There would be very little competition if there wasn't money to be made.

Re:Competition and economics (3, Insightful)

thethibs (882667) | more than 5 years ago | (#25541035)

You've just learned an important lesson:

Capitalism has room for socialist enclaves. It all works well as long as there is a choice. Sometimes, as in this case, the competition is good for everyone.

It's the socialist society that can't survive without eliminating choice.

Re:Competition and economics (-1, Troll)

Anonymous Coward | more than 5 years ago | (#25541105)

You're right, give peace a chance! And communism, give communism one more chance too!

faster than Chrome (1)

Laebshade (643478) | more than 5 years ago | (#25540225)

Is it faster than Chrome? Seriously, this isn't a troll. I'll try it out and see.

Re:faster than Chrome (5, Informative)

Joe Tie. (567096) | more than 5 years ago | (#25540289)

It has the potential to be, at least for interpreting javascript. The gui still feels a lot more sluggish though, and general rendering still seems quite a bit slower as well. Just remember to do the about:config thing, then search for jit, and turn the two options on to get the speed boost.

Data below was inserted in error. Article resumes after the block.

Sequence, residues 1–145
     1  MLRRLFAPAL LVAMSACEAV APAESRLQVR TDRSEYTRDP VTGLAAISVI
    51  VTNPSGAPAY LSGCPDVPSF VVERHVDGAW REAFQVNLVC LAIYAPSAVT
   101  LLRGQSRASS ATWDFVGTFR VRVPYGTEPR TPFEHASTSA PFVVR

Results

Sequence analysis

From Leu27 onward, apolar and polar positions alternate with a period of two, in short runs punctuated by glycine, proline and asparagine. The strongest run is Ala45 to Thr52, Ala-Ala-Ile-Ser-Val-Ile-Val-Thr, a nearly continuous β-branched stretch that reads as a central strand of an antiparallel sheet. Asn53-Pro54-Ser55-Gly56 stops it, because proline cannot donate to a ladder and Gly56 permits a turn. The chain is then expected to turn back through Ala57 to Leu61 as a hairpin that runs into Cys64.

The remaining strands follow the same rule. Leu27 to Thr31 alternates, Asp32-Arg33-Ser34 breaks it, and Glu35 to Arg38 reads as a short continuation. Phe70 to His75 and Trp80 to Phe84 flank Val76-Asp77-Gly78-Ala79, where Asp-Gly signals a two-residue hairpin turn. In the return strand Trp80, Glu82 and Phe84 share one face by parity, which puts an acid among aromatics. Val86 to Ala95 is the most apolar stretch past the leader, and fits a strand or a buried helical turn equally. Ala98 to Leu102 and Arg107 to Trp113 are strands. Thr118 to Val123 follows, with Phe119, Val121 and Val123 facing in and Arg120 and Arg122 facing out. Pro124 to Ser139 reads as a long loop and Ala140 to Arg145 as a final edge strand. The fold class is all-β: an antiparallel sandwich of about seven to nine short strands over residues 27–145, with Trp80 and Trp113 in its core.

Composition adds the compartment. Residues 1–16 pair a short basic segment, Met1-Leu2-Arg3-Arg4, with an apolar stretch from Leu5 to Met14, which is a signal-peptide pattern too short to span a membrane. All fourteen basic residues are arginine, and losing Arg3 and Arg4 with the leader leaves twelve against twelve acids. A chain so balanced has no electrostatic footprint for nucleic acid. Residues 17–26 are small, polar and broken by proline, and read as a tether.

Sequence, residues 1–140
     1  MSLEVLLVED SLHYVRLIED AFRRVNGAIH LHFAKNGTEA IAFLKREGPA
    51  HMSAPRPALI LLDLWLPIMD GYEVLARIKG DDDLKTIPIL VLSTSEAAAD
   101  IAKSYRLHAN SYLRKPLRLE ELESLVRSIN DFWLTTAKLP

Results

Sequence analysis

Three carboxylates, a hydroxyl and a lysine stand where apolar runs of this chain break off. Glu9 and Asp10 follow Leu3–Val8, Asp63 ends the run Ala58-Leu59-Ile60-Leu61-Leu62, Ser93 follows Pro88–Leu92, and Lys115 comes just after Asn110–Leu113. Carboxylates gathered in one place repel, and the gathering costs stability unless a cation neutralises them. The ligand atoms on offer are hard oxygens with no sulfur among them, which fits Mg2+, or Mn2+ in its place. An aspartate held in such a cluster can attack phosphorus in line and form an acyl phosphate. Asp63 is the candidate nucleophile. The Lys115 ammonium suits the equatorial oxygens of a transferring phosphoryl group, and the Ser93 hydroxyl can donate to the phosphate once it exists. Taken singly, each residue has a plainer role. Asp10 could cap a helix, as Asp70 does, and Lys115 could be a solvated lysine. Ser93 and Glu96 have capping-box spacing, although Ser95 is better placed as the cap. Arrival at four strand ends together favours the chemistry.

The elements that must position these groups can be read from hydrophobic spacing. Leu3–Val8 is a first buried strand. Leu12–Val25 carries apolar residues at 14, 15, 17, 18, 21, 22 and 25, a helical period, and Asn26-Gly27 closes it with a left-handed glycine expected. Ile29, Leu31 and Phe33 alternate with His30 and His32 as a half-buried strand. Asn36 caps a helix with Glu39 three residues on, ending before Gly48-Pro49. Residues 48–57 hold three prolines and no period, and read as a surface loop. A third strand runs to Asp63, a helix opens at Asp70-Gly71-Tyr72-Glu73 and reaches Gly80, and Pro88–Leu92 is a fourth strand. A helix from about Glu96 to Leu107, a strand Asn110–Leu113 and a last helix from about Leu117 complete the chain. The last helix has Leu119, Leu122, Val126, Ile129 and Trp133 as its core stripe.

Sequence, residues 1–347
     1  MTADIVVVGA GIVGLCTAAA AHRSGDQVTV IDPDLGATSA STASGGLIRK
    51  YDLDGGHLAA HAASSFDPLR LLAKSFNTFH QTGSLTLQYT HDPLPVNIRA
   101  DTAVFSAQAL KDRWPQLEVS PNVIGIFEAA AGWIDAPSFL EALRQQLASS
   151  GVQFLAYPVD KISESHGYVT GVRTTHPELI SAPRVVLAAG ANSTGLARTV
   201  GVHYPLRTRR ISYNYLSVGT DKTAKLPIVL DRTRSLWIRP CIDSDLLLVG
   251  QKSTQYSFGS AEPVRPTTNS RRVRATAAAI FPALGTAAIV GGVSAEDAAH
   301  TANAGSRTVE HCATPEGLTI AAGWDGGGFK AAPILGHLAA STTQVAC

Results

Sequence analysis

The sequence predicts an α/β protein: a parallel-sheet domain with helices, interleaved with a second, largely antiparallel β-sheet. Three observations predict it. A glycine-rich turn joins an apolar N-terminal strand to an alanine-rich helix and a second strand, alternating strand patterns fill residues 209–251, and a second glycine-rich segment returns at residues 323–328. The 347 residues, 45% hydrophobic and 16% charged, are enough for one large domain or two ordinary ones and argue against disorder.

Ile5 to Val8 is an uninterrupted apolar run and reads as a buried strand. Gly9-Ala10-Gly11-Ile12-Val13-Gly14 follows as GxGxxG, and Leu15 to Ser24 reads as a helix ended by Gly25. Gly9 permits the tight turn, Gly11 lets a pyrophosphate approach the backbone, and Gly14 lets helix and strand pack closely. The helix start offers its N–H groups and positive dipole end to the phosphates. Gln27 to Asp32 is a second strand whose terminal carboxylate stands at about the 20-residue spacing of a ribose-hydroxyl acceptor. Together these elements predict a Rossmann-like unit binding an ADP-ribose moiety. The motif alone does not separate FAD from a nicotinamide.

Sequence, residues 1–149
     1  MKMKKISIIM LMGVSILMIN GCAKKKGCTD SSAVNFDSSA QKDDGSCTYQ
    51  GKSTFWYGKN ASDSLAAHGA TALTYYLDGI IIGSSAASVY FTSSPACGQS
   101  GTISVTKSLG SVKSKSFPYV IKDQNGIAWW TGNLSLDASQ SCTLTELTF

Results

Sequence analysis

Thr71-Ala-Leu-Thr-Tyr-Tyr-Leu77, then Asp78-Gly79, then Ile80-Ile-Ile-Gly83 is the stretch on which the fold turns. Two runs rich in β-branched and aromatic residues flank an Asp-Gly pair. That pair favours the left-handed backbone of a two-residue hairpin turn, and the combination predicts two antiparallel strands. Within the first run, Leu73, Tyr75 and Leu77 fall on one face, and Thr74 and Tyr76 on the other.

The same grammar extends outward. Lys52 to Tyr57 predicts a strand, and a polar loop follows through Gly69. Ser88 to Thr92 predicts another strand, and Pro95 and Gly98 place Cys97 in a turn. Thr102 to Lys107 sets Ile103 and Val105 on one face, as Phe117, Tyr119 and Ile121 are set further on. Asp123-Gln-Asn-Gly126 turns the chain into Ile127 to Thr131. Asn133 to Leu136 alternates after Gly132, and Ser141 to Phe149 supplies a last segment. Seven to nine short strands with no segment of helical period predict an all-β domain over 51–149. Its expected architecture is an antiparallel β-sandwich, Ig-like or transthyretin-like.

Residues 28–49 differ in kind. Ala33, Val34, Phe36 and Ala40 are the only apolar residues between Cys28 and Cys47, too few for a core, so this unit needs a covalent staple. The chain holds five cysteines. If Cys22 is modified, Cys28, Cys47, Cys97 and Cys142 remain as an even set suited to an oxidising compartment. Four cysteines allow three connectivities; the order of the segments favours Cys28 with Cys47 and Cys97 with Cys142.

Re:faster than Chrome (2, Interesting)

BrokenHalo (565198) | more than 5 years ago | (#25540775)

Well, it's certainly faster than Chrome for OS X or Linux, since neither of these are available yet at all. Chrome fades more into irrelevance the longer they delay releasing versions for non-Windows platforms. This is not because the browser particularly sucks, it is because unlike Firefox, it has missed the boat for endorsement by the geek community.

I've said this before, but it bears saying again: Google is not short of resources, so their ignoring other platforms only suggests deliberate policy. In other words, they might as well take their browser and stick it where the sun doesn't shine.